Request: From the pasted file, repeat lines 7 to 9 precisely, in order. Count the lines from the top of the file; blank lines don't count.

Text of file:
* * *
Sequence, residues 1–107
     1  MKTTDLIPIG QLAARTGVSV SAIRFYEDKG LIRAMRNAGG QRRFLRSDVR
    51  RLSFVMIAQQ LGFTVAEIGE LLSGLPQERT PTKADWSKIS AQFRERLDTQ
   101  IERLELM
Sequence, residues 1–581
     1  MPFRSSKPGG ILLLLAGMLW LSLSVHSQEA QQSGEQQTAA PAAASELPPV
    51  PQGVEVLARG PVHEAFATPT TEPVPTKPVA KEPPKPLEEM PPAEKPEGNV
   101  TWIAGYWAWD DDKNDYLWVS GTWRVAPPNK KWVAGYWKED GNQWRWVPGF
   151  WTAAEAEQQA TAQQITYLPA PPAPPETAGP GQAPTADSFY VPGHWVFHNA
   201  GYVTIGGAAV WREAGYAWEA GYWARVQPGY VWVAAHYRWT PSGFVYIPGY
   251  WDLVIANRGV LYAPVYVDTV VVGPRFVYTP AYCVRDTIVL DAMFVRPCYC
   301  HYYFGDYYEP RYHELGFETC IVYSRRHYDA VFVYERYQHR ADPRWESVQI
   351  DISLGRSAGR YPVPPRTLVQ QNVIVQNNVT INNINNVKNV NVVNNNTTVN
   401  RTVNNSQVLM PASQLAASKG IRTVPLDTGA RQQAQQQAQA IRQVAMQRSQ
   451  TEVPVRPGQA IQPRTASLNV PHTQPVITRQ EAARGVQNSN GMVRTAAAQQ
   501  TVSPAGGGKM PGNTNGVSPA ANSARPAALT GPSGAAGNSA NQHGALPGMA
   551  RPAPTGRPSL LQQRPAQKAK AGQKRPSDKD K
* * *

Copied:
    51  PQGVEVLARG PVHEAFATPT TEPVPTKPVA KEPPKPLEEM PPAEKPEGNV
   101  TWIAGYWAWD DDKNDYLWVS GTWRVAPPNK KWVAGYWKED GNQWRWVPGF
   151  WTAAEAEQQA TAQQITYLPA PPAPPETAGP GQAPTADSFY VPGHWVFHNA